It’s okay to insist they do something meaningful and productive with their time.

This may be an internship, summer job or volunteer position, or projects around the house. While there should be some time for relaxing, summer shouldn’t be a long Netflix binge.

They may need guidance in job seeking if they come home without plans (where to look, how to fill out an application and prepare for an interview, and how to be ready to take a position that's not super exciting in order to keep busy and bring in some cash).  If they have too much free time, you can make suggestions (the garden needs weeding, the dog wants a walk, a younger sibling needs a ride; and there are always loads of places that need volunteer help), but it’s not your job to find ways to entertain them. A friend of mine has a house rule: everyone who lives under her roof should end the day with an interesting story to share at the dinner table.

Of course if there are things you want to do with your student, seize the moment and enjoy it! At this stage we realize these opportunities are fleeting.

It’s okay to expect them to do chores.

Yes, you managed fine without them, but an extra person in the house results in more messes. Even though they’re no longer full-time residents, they’re not houseguests either. Since other family members have chores, they should as well. At the minimum, they should clean and pick up after themselves.

Maybe they “own” a category: yard work, pet care, car washing. They can learn to tune up the family bikes and fix flat tires, or shop for, prep and cook one or two dinners a week.

It’s okay to expect them to pay for things.

In college, they managed money just fine; there’s no reason they can’t do the same at home. The rule in our house from the time my kids were in high school is that, on days you’re going to be out, whenever possible pack a lunch. If they choose to buy lunch instead, they pay for it. When going out together, to the movies or for a quick bite, we sometimes let them pay for themselves or even on occasion pick up the tab.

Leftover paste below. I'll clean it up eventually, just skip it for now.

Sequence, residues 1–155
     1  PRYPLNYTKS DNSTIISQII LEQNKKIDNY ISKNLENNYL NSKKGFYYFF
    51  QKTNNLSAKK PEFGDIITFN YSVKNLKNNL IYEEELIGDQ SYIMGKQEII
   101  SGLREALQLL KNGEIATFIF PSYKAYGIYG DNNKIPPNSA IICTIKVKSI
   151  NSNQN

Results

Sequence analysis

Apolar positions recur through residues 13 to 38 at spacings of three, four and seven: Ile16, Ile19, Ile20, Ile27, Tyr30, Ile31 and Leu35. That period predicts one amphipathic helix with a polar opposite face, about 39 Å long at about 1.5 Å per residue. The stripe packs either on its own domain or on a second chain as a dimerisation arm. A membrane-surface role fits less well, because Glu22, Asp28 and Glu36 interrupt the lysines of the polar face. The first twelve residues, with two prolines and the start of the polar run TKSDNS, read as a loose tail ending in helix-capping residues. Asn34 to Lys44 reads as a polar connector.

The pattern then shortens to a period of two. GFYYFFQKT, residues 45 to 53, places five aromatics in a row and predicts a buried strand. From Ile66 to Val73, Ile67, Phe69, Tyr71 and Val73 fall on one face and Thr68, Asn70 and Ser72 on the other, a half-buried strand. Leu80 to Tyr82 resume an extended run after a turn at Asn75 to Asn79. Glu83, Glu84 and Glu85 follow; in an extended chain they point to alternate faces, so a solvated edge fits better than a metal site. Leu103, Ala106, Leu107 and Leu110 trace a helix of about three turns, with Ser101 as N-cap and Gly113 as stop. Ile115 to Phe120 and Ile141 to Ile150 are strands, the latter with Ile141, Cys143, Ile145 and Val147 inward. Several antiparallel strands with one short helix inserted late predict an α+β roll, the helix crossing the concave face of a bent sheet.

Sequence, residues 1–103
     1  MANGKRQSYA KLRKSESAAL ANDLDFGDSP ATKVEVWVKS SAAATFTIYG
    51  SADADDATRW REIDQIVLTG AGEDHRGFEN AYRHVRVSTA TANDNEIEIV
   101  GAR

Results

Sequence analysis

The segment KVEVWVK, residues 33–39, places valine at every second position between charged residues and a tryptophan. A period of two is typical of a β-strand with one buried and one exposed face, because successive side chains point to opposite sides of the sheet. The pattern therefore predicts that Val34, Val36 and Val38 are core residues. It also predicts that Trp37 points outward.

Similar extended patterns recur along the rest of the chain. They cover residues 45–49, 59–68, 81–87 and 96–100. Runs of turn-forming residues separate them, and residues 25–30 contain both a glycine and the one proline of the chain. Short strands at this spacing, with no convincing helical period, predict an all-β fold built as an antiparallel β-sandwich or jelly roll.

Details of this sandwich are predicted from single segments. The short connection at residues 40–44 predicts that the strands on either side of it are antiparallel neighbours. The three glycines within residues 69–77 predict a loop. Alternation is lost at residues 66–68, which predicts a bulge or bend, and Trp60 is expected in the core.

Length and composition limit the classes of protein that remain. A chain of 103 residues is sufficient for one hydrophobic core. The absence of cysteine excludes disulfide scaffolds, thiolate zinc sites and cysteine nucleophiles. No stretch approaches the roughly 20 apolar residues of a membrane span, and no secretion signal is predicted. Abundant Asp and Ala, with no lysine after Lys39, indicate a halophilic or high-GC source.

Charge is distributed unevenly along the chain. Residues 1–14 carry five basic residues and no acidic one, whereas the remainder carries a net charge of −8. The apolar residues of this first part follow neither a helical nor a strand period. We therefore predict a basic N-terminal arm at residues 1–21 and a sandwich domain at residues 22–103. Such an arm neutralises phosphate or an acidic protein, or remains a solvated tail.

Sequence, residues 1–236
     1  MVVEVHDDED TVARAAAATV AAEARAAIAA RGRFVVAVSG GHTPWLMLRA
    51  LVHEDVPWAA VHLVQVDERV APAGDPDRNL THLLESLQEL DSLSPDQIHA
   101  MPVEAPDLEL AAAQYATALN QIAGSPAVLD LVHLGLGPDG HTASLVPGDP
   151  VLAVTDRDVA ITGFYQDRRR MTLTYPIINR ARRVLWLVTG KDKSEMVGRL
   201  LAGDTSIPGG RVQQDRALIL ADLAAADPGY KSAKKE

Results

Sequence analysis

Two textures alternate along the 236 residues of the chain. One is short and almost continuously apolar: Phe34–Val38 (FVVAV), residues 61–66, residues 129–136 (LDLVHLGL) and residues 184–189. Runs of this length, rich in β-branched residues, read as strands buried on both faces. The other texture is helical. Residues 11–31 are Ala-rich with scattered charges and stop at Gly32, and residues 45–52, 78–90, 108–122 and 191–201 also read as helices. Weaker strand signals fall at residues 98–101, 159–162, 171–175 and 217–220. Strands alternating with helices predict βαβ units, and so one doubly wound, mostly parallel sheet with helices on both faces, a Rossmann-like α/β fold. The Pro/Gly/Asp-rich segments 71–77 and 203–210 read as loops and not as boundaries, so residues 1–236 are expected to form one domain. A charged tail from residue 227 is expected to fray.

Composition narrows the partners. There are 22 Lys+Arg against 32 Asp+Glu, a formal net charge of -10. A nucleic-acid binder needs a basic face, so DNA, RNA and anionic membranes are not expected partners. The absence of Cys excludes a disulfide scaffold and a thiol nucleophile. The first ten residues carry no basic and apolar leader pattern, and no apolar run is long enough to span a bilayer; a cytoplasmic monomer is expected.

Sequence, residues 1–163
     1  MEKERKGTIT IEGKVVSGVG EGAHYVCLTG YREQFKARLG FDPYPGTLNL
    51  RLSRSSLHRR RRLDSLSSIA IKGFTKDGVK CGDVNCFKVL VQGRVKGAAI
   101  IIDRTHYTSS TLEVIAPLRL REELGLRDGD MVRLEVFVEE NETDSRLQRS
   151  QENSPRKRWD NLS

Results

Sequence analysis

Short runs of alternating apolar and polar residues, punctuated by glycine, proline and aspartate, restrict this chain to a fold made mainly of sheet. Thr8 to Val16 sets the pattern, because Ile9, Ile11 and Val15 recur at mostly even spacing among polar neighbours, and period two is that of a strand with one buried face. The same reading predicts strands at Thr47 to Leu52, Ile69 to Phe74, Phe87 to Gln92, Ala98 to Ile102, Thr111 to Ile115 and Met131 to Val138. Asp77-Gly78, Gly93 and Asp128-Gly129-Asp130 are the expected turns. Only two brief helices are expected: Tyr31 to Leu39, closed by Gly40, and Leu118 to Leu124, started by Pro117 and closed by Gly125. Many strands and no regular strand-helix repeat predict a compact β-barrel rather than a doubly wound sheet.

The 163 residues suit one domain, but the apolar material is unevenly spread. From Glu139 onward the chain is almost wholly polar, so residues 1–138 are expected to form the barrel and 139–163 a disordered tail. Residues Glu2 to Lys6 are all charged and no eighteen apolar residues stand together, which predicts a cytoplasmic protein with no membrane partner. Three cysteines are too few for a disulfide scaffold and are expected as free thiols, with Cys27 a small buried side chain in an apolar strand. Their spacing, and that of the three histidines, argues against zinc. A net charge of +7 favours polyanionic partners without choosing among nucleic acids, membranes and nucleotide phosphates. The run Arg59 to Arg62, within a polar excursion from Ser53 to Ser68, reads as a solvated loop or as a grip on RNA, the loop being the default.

It’s okay for them to skip some family events

Understand that they may not be able (or want) to attend every family get-together. Work and activities with their friends may be more important to them than Great Aunt Sally’s birthday party. Pick your battles. Talk to them about which events are important — maybe even non-negotiable in your eyes. Choose to let the rest go.

After your children have left the nest, their return can be a bit tough — for all of you. The space you share feels different somehow. They have changed, and so have you.

You’re establishing a new relationship: not quite equals, not quite friends, but very different from the parent-child dynamic that still existed when you dropped them off on campus last fall. Don't worry; you will find a new rhythm. And with patience, consideration and a whole lot of communication, this new relationship may be the best one of all.

Kimberly Yavorski is a freelancer and mom of four who writes frequently on the topics of parenting, education, social issues, travel and the outdoors. Her work has been published in such publications as Grown and Flown, Your Teen, Sammiches and Psych Meds, Her View From Home, Pacific Standard, The Progressive, Racked, and Reader’s Digest. Links to these articles as well as her blogs can be found at www.kimberlyyavorski.com.